Crystal Winds – Return to the Dark Age (Sleaszy Rider Records)

Monday, 26th April 2021
Rating: 5.5/10

Originating in 1999 and releasing their first demo Scepters of Eternity in 2004, Crystal Winds disbanded later that year and reunited in 2013. They since recorded a self-titled EP for Eat Metal Records issued in 2016 – leading us to their first full-length in Return to the Dark Age. This isn’t an uncommon tale for many Greek bands – the tools at their disposal with home studio technology and know how to use it at their virtual fingertips compared to the days of professional studios and bigger, by the hour sessions to pay for. One only hopes that the wait is worthwhile for a seasoned act in the classic heavy metal platform to finally reach this stage of their career.

Familiar strains circle the aural landscape for specific guitar riffs, fluid/ progressive bass lines, in the pocket drumming with energy bursts during the fills, as well as loud/shrieking vocal melodies. It’s evident that these musicians grew up on a steady diet of the NWOBHM, classic hard rock, and the European / US offshoots. The bluesy, ripping foundation of say AC/DC and Motörhead during “Gods of Rock N’ Roll”, the dynamic mystique with clean guitar lines and almost whispering verses of Rainbow and Judas Priest during the dramatic ballad “Dream Queen”, as well as the straight-ahead marching anthem “Mean Queen” provide ample diversity. Even doom and epic influences creep in through various arrangements, the thunderclouds and bells that signal the eight-minute plus “Still There” sure to appease those who love Warlord, Candlemass, or even Manowar as the guitars, drums, and bass each take their turn to set the atmosphere in a driving march to battle. The struggle for full enjoyment lies in specific details where the band drive certain riffs home to rigid, robotic measures – devoid of the right human touch – as well as the warbly, uneven nature to vocalist Andreas Kouratoras’ upper register. It’s probably a case where the band did the best they could within budget constraints – you just hope next time, they’ll seek out a seasoned veteran behind the boards who can get this material and the performances a bit more on the right track.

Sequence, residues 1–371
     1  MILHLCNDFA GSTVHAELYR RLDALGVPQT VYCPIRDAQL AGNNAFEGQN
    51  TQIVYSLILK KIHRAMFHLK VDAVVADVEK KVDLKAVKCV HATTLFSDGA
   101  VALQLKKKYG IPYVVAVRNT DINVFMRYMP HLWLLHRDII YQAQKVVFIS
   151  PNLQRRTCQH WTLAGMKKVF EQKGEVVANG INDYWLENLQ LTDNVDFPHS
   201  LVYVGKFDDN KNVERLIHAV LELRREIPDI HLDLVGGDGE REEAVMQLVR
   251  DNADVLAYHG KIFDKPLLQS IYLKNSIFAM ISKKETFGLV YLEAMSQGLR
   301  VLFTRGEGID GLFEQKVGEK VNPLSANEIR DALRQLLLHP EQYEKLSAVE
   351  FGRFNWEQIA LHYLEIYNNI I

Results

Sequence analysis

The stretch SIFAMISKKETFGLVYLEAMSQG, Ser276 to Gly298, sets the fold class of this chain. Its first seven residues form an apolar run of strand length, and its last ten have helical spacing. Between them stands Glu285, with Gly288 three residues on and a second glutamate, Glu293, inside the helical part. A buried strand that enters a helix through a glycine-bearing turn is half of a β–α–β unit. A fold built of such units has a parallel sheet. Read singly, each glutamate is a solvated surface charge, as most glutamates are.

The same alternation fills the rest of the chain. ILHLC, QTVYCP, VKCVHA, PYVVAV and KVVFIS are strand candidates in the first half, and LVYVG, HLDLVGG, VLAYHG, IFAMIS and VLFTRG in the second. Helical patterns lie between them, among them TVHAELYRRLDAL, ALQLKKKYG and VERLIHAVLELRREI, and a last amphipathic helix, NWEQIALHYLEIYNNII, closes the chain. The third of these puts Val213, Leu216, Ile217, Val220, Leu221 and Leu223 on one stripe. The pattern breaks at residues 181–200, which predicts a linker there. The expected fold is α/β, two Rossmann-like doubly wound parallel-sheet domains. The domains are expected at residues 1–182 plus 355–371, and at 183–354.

Kudos to resurrecting their creative endeavors this many years beyond the start. For Crystal Winds to make it beyond Greek shores in terms of appeal though, they need to tighten up some of the songwriting, dig deeper into giving a more jovial performance, and maybe more people will be willing to listen again.

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